But in their ruling, the Manado judges said the mine’s environmental impact analysis, a process locally known as Amdal, wasn’t carried out according to the proper procedures. For one thing, they noted, the number of villagers who participated in the Amdal process and approved the mining activity wasn’t proportionate with the number of villagers who would be impacted by the mine.

The judges also found there had been no process to appoint representatives from the villagers as members of the commission that assesses the Amdal. The framework for the Amdal also wasn’t signed off by local authorities, and there was no evidence of any public announcement that TMS had applied for an environmental permit, which companies are required to make as part of the application process.

“The environmental permit was drafted and issued without following the right procedures,” said Anjeli, one of the plaintiffs. “The people weren’t involved. Suddenly, they [TMS] already had permits.”

Besides the failure to follow procedure, the judges also questioned the quality of the Amdal document itself. The only potentially negative impact discussed in the analysis was the use of cyanide in mining on air quality. In the trial, expert witnesses testified there were more potential environmental impacts that the Amdal should have covered, including damage to coastal ecosystems, mangroves and coral reefs.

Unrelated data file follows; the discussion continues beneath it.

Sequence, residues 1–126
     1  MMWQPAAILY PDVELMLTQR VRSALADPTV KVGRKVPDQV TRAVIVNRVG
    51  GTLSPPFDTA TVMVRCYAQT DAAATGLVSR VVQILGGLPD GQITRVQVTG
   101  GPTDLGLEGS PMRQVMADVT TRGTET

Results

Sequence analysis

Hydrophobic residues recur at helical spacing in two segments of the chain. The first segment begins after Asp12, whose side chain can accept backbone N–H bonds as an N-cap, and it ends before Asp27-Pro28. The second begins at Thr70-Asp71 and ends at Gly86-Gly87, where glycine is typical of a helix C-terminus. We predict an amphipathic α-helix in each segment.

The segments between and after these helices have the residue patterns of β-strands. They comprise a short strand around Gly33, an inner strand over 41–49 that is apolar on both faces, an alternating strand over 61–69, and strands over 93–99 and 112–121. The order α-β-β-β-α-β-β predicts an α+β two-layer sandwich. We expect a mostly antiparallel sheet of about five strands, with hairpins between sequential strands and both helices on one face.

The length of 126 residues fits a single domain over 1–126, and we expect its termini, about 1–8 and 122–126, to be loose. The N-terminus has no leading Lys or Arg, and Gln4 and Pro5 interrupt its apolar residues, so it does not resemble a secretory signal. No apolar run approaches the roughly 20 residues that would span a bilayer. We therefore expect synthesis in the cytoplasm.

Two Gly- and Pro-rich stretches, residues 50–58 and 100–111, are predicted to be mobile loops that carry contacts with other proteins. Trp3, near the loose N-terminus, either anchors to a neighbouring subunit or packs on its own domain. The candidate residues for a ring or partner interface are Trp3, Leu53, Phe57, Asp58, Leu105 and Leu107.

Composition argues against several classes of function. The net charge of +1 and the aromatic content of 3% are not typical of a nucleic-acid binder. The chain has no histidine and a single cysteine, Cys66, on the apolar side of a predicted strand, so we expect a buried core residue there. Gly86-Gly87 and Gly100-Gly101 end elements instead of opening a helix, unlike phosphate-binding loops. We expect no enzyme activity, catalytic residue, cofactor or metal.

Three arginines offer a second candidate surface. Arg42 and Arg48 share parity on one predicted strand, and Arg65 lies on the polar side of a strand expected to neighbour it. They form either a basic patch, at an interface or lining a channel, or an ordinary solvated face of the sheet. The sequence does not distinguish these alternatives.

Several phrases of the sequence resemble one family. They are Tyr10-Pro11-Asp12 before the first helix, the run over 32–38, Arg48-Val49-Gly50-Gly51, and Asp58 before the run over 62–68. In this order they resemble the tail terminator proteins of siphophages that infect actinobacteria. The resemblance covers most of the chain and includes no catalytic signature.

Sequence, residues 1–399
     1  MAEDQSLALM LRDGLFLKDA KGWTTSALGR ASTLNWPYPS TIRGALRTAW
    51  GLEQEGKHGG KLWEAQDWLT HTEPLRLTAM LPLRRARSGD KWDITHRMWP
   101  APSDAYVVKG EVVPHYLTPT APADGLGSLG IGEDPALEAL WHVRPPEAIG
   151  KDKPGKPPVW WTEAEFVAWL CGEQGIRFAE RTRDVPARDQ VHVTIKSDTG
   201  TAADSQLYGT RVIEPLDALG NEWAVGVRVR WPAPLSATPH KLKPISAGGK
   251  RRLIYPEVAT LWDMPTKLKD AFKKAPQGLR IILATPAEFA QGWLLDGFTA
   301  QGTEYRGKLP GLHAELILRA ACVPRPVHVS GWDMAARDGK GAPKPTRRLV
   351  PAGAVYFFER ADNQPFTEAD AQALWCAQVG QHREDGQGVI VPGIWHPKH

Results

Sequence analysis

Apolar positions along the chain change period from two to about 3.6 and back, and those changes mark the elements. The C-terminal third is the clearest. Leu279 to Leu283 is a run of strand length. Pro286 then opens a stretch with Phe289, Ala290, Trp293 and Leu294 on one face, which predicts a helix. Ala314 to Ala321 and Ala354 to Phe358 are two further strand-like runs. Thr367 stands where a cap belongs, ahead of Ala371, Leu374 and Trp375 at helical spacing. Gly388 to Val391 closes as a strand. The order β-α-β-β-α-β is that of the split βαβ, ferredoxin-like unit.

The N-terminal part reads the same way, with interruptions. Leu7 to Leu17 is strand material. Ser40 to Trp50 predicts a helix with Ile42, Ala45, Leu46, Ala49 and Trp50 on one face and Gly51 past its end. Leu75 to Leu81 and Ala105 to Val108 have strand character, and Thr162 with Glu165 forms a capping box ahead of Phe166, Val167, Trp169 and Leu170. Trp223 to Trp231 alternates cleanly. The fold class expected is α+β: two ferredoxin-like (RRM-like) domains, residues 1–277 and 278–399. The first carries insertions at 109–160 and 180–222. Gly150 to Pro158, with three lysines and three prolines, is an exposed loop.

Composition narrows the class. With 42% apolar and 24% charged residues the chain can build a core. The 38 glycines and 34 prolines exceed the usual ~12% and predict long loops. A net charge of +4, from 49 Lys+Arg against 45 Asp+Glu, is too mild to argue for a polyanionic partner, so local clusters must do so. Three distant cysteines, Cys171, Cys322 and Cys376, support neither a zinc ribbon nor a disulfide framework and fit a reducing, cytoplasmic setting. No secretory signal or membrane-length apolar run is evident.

The court also found there was no evidence to show that a laboratory analysis had been carried out on the impact of chemical use as part of the impact analysis.

All these findings raised sufficient doubt over whether the environmental impact of the mine could truly be controlled, ICEL said.

“That’s why the judges took the precautionary principle with regard to environmental protection by ordering a preventive measure in the form of annulling the object of the lawsuit [TMS’s environmental permit],” ICEL said.

Now that the Manado court has delivered its verdict, the villagers are demanding that the ruling be enforced and TMS’s environmental permit be revoked immediately, said Jan Takasihaeng, an activist with the anti-mining movement Save Sangihe Island.

“We ask law enforcers to enforce the law. The company whose permit has been annulled by the court has to have its operation stopped,” he told local media. “Don’t let it be the other way around, where [the company operation] is protected by law enforcers. If the law enforcers aren’t acting in accordance with the law, the people will take matters into their own hands.”

This story was published with permission from